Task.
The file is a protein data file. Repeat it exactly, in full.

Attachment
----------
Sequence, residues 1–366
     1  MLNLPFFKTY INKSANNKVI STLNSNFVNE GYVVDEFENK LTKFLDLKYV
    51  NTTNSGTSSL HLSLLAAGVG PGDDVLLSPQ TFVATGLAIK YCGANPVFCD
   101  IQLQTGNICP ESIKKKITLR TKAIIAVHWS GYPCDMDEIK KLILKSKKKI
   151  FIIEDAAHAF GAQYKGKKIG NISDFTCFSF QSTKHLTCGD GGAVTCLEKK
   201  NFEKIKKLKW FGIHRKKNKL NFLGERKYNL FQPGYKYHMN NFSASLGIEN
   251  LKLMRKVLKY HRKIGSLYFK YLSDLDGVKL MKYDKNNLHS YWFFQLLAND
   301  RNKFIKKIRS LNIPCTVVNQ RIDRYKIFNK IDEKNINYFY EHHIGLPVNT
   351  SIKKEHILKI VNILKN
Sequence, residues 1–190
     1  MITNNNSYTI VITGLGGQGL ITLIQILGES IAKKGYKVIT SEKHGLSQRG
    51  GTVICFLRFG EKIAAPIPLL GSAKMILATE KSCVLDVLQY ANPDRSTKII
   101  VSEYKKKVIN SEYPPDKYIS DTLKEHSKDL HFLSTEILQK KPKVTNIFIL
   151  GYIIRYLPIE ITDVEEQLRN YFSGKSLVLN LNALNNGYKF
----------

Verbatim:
Sequence, residues 1–366
     1  MLNLPFFKTY INKSANNKVI STLNSNFVNE GYVVDEFENK LTKFLDLKYV
    51  NTTNSGTSSL HLSLLAAGVG PGDDVLLSPQ TFVATGLAIK YCGANPVFCD
   101  IQLQTGNICP ESIKKKITLR TKAIIAVHWS GYPCDMDEIK KLILKSKKKI
   151  FIIEDAAHAF GAQYKGKKIG NISDFTCFSF QSTKHLTCGD GGAVTCLEKK
   201  NFEKIKKLKW FGIHRKKNKL NFLGERKYNL FQPGYKYHMN NFSASLGIEN
   251  LKLMRKVLKY HRKIGSLYFK YLSDLDGVKL MKYDKNNLHS YWFFQLLAND
   301  RNKFIKKIRS LNIPCTVVNQ RIDRYKIFNK IDEKNINYFY EHHIGLPVNT
   351  SIKKEHILKI VNILKN
Sequence, residues 1–190
     1  MITNNNSYTI VITGLGGQGL ITLIQILGES IAKKGYKVIT SEKHGLSQRG
    51  GTVICFLRFG EKIAAPIPLL GSAKMILATE KSCVLDVLQY ANPDRSTKII
   101  VSEYKKKVIN SEYPPDKYIS DTLKEHSKDL HFLSTEILQK KPKVTNIFIL
   151  GYIIRYLPIE ITDVEEQLRN YFSGKSLVLN LNALNNGYKF